In the above composition of the aluminosilicate glass according to the present invention, the B2O3 content is 5.0-20.0% by weight, preferably 10.0-20.0% by weight. When it is more than 20% by weight, it deviates from a compositional range of the glass formation causing instability, and the chemical solubility becomes worse. On the other hand, when it is less than 5% by weight, the sintering temperature becomes higher.

In the above composition of the aluminosilicate glass according to the present invention, the Al2O3 content is 5.0-15.0% by weight, preferably 5.0-10.0% by weight. When it is more than 15% by weight, the sintering temperature becomes higher and the fusing properties with basements become worse.

In the above composition of the aluminosilicate glass according to the present invention, the Li2O content is 0.1-1.5% by weight, preferably 0.5-1.0% by weight. When it is more than 1.5% by weight, the effect of lowering a melting point is enhanced, but the obtained glass is unstable.

In the above composition of the aluminosilicate glass according to the present invention, the Na2O content is 3.0-8.0% by weight, preferably 4.0-7.0% by weight. When it is more than 8% by weight, the chemical solubility becomes worse and the thermal expansion coefficient increases.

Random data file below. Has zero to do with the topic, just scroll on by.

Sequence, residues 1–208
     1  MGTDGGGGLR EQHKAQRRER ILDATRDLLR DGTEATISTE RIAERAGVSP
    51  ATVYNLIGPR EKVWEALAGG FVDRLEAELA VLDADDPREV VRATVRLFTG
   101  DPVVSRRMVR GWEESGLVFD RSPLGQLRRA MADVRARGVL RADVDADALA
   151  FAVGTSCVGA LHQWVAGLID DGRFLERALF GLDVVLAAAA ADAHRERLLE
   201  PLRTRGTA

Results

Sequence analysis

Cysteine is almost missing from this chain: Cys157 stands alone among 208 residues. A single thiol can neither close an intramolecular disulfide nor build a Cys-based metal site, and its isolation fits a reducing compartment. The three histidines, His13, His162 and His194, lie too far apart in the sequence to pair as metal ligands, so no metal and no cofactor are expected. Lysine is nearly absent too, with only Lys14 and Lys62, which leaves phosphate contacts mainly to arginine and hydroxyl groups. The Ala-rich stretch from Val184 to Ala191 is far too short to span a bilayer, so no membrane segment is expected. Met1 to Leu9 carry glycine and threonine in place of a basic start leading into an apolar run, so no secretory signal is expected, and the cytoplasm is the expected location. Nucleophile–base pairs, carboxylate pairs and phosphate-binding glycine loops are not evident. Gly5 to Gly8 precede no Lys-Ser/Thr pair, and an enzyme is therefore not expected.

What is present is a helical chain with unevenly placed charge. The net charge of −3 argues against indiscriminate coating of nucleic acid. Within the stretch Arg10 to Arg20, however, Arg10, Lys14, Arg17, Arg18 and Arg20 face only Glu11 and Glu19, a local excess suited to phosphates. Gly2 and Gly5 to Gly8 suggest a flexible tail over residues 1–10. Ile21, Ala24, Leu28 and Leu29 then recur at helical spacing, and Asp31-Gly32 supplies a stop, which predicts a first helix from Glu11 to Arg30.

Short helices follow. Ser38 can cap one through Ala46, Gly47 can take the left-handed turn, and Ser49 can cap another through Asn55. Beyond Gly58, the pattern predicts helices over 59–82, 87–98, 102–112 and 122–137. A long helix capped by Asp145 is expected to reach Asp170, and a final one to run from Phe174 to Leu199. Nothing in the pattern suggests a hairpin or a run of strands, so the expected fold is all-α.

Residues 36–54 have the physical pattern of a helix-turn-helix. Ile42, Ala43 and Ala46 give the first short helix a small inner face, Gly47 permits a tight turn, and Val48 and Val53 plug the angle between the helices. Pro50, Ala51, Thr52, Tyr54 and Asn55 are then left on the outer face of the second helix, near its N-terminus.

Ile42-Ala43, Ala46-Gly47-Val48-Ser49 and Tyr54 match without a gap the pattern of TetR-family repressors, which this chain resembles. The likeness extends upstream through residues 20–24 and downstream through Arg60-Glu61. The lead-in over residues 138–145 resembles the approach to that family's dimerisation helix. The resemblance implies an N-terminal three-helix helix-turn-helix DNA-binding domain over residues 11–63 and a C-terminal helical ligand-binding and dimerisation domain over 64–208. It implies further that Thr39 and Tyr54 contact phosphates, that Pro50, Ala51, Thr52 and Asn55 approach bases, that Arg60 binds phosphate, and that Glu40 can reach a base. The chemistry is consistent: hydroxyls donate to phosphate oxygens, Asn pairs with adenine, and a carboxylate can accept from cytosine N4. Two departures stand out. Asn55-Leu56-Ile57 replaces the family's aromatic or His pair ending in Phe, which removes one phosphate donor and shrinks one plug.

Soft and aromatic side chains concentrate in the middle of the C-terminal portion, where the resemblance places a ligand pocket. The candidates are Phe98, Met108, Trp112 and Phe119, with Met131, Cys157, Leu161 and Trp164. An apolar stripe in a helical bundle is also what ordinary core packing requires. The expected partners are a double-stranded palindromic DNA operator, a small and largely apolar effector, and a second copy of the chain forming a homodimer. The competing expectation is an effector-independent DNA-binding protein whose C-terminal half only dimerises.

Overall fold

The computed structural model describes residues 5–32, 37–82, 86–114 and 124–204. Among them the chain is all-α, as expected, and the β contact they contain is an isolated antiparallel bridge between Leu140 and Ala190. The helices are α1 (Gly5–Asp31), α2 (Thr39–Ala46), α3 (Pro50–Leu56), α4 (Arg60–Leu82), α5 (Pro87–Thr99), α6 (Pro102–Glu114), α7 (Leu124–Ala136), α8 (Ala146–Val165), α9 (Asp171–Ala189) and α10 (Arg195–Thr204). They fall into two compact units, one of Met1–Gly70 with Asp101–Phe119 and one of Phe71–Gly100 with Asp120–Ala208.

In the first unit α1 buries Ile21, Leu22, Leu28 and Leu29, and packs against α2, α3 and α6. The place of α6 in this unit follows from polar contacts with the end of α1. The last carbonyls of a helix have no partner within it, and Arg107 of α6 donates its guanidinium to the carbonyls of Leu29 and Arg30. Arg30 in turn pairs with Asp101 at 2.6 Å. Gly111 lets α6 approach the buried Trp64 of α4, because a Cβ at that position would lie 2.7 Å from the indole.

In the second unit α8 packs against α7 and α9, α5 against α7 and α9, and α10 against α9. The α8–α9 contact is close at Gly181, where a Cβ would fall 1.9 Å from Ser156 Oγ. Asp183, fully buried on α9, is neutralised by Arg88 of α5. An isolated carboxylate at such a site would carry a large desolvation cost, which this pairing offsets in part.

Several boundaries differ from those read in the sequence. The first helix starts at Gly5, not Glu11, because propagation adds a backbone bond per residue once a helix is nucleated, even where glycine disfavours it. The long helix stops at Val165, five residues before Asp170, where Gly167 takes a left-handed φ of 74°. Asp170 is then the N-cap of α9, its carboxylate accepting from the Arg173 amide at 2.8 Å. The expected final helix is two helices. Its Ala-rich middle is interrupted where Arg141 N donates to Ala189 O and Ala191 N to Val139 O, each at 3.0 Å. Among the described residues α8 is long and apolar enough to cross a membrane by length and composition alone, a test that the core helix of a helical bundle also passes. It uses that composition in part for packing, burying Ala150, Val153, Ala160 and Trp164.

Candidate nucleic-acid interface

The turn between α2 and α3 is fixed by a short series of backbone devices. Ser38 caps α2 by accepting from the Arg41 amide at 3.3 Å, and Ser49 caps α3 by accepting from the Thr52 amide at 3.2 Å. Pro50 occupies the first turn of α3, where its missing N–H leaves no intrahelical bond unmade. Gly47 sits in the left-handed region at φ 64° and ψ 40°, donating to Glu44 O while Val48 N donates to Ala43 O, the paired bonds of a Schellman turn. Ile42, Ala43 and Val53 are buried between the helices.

In the above composition of the aluminosilicate glass according to the present invention, the K2O content is 3.0-8.0% by weight, preferably 4.0-7.0% by weight. When it is more than 8% by weight, the chemical solubility becomes worse and the thermal expansion coefficient increases.

In the above composition of the aluminosilicate glass according to the present invention, it is more preferred that the total content of Na2O and K2O is 9.0-14.0% by weight. When the total content of Na2O and K2O is more than 14% by weight, the chemical solubility becomes worse and the thermal expansion coefficient increases.

In the above composition of the aluminosilicate glass according to the present invention, the CaO content is 1.0-5.0% by weight, preferably 1.5-3.0% by weight. It is added as carbonate together with Na2O and K2O to glass raw materials to assist melting. Further, it is used together with MgO to enhance the chemical solubility.

In the above composition of the aluminosilicate glass according to the present invention, the MgO content is 0.1-1.0% by weight, preferably 0.2-0.8% by weight. It is added as carbonate together with Na2O and K2O to glass raw materials to assist melting. Further, it is used together with CaO to enhance the chemical solubility.

In the above composition of the aluminosilicate glass according to the present invention, the Sb2O3 content is 0.1-1.0% by weight, preferably 0.2-0.8% by weight. It is added to glass in a small amount to assist melting.